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Saiga 12 sbr not only able to shoot high brass

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Hello everyone.  I have a converted saiga 12 as shown below.  the barrel has been reduced to factory length including the 6" tromix monster brake.  It has an mdarms 6 position gas plug, the main spring has been slightly reduced, and the bolt has been polished.  It currently shoots high brass rounds and 00 buckshot but will not cycle low brass.  I am interested in potentially sending it out to a known saiga 12 vendor to get it working correctly, or attempt to work with my local gun shop to work on it further.  I believe it currently has 4 ports at .072".


Can you suggest a saiga 12 gunsmith that could work with it to get it running well on low brass?  Could you suggest the next steps I might take locally?  My first thought would be the port size being larger might help?


Any help would be greatly appreciated.



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Yes, Cadiz used to do all the warranty work for the importer.


I would not give it to a local smith for several reasons: 1) many of them are blundering around and just guessing at what might work. Odds are just by coming here you know more about it than many an otherwise talented smith. 2) factory documentation tells them to do a horrible "cure": grind off the front sight and drill at 90* to enlarge. That's insane but even famous licensed youtube gunsmiths do it. {This is like watching a video of someone stomping on kittens http://www.youtube.com/watch?v=MLVrGPRrIak } 3) Best case scenario, most smiths will charge you a bunch and hold your gun for months, and will do a rush job when they get to it. 4) This is very easy to do in most cases. I would estimate that if you read around here first, you can use a punch, scribe, heavy hammer, and a chunk of soft metal, and a $0.85 drill bit or two and have the job done in 45 minutes plus a range trip to check. You might need to repeat that once or twice, but you will have a perfectly tuned gun if you do.


also many people consider 4@.078 to be a starting point with 4 @ .093" as a max, so you could probably cure your woes by simply reinstalling the factory spring and plug on #2 and bumping up the ports until it works. It's not that hard. The reduced effectiv barrel length likely means you will need larger ports than even 4 @.078" since that is often a winning combo for normal barrels. If I were gambling, I would bet that you will get what you want around 4@ 0.082"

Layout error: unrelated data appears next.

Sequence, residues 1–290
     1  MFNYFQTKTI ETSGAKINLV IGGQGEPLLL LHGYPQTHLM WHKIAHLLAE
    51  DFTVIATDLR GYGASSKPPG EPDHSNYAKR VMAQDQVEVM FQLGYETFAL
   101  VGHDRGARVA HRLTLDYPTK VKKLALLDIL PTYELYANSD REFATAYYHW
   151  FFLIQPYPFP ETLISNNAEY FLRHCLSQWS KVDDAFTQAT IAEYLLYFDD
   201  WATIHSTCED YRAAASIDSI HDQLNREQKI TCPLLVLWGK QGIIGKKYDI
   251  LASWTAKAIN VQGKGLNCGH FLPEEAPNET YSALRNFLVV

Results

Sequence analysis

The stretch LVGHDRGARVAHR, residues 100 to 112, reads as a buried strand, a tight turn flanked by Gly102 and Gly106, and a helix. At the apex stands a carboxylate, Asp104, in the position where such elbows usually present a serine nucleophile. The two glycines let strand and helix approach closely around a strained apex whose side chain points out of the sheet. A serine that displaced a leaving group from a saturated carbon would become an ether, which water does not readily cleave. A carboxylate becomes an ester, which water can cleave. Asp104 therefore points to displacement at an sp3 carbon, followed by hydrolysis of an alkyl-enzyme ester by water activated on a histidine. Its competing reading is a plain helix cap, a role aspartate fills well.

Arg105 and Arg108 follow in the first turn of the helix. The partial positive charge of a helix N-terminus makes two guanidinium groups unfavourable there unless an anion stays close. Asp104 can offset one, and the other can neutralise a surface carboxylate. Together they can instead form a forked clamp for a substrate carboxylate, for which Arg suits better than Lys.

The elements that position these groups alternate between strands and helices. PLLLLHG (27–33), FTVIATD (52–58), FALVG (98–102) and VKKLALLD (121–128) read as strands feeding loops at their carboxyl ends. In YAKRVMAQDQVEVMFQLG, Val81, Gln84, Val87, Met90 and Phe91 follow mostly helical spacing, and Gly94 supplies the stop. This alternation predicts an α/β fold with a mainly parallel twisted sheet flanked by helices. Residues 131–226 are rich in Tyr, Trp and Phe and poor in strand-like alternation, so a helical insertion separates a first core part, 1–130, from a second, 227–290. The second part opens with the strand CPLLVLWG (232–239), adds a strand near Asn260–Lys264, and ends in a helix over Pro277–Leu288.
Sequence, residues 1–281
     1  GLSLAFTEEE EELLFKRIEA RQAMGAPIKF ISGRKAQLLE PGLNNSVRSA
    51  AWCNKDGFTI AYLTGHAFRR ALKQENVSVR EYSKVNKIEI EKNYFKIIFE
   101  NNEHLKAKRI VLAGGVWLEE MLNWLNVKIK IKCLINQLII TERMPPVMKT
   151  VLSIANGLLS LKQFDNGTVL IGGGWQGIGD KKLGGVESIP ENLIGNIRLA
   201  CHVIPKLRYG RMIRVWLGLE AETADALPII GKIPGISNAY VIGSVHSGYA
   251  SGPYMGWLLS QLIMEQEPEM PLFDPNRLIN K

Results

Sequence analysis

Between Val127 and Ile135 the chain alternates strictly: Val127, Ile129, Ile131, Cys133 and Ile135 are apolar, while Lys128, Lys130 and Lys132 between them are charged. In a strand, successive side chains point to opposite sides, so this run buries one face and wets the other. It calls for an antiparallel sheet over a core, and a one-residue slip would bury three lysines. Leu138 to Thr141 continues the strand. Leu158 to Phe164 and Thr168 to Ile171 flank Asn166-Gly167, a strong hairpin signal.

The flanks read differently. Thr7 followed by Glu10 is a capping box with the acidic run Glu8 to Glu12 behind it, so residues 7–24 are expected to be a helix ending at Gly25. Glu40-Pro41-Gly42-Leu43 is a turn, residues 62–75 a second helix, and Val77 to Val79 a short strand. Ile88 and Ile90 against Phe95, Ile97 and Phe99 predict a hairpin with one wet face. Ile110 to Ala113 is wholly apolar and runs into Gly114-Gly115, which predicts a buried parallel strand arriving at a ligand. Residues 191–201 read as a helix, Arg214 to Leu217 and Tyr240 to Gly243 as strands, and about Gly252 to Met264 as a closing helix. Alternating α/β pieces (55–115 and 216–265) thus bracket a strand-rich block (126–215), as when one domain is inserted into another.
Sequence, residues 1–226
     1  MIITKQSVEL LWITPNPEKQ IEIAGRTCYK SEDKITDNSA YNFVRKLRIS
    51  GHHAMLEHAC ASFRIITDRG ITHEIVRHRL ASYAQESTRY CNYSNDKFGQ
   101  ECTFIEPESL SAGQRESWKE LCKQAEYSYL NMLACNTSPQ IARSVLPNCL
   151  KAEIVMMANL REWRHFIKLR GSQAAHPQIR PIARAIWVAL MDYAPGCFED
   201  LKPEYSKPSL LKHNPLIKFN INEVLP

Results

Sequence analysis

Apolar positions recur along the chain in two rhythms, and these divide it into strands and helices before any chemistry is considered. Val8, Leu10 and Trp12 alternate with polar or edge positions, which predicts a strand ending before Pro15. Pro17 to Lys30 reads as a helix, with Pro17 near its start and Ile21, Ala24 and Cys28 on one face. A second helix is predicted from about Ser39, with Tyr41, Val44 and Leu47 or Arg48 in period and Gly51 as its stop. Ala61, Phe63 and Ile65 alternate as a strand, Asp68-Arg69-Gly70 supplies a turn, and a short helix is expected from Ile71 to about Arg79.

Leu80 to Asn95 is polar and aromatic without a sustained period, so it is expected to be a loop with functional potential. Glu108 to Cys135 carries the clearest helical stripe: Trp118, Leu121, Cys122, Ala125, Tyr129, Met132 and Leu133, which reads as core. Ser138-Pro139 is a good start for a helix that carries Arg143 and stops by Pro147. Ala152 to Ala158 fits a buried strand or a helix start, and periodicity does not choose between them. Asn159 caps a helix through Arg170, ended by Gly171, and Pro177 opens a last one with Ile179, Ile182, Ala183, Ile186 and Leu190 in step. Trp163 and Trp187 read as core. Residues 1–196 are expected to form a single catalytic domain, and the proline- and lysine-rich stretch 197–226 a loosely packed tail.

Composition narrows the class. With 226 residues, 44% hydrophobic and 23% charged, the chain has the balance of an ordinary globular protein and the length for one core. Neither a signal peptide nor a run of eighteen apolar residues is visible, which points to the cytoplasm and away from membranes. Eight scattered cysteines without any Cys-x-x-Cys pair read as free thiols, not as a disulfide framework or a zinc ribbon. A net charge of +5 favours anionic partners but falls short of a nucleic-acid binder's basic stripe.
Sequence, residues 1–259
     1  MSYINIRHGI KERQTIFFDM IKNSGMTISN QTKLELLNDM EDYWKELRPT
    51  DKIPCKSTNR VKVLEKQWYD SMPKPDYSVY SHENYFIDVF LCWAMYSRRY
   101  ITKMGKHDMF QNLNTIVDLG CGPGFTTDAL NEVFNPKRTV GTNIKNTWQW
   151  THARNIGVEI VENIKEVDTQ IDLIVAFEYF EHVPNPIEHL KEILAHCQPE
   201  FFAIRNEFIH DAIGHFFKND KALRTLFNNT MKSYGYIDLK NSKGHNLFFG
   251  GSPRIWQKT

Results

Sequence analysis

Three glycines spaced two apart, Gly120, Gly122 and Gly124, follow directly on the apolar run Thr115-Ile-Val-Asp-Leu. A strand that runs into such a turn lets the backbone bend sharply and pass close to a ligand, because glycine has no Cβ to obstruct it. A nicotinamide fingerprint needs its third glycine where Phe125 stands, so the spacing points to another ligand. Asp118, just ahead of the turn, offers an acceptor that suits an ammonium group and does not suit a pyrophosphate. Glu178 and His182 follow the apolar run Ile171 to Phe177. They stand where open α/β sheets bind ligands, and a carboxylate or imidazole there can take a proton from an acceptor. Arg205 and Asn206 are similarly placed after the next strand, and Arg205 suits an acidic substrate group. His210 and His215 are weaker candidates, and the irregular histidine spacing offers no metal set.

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For encouragement for the DIY, this was done in a campground with a punch and drill bits from the nearest walmart, a piece of hard firewood to prevent marring, a cordless drill, and a hatchet. (Sometimes hatchet jobs are quality work.) The whole process took two steps with about 30 minutes for the first time and approximately 15 minutes the second time. 









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With that brake you will probably need a fifth port to cycle low brass. For some reason that muzzle brake reduces the amount of gas that is available for the system.  I guess it shows how much the brake works when you take one off and the weapon cycles,,,put it back on and it short strokes. I've run into this on a couple of S-12s.

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  • 2 weeks later...

one might look at the possibility of an internally threaded choke to add some backpressure instead of screwing with the ports...any gunsmith could really do that. you would have to have them fabricate a wrench or just leave it in there for good and not shoot solid payloads down the thing though...still would have to be an NFA manufacturer because of the removal of the brake, unless you just brought the barrel in by itself....

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  • 1 month later...

hello everyone.  Been extremely hectic at home.  Sorry to bring this thread back up, but can anyone recommend any other gun smith companies.  I am considering Cadiz, but the last time I spoke with them I was told the waiting list was near a year.

Edited by BrcWyn
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  • 4 years later...

A punch, drill bits, trial and error. 

You knock the pins out of the gas block and drill them bigger, put it together shoot it. The gas system on yours appears to be shortened. You can measure the port size by using the back of a drill bit. This will be helpful https://www.brokenbolt.com/images/starrett-inch-metric-tap-drill.pdf

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